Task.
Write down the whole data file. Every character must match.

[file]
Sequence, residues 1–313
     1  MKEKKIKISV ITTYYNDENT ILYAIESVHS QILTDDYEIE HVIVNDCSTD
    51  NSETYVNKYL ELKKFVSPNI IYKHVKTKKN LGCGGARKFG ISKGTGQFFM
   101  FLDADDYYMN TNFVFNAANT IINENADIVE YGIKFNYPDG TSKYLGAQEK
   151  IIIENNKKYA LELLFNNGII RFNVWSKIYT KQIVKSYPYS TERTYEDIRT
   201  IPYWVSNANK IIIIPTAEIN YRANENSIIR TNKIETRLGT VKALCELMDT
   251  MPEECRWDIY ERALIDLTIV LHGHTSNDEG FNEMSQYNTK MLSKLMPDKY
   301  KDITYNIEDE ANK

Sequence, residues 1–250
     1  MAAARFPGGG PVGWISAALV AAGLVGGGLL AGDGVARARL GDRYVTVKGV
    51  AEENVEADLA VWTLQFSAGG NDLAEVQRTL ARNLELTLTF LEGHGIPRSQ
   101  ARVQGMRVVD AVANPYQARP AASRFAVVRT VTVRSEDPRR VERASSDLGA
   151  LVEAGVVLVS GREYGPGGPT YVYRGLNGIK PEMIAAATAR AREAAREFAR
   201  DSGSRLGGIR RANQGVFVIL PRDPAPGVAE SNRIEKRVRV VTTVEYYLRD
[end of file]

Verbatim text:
Sequence, residues 1–313
     1  MKEKKIKISV ITTYYNDENT ILYAIESVHS QILTDDYEIE HVIVNDCSTD
    51  NSETYVNKYL ELKKFVSPNI IYKHVKTKKN LGCGGARKFG ISKGTGQFFM
   101  FLDADDYYMN TNFVFNAANT IINENADIVE YGIKFNYPDG TSKYLGAQEK
   151  IIIENNKKYA LELLFNNGII RFNVWSKIYT KQIVKSYPYS TERTYEDIRT
   201  IPYWVSNANK IIIIPTAEIN YRANENSIIR TNKIETRLGT VKALCELMDT
   251  MPEECRWDIY ERALIDLTIV LHGHTSNDEG FNEMSQYNTK MLSKLMPDKY
   301  KDITYNIEDE ANK

Sequence, residues 1–250
     1  MAAARFPGGG PVGWISAALV AAGLVGGGLL AGDGVARARL GDRYVTVKGV
    51  AEENVEADLA VWTLQFSAGG NDLAEVQRTL ARNLELTLTF LEGHGIPRSQ
   101  ARVQGMRVVD AVANPYQARP AASRFAVVRT VTVRSEDPRR VERASSDLGA
   151  LVEAGVVLVS GREYGPGGPT YVYRGLNGIK PEMIAAATAR AREAAREFAR
   201  DSGSRLGGIR RANQGVFVIL PRDPAPGVAE SNRIEKRVRV VTTVEYYLRD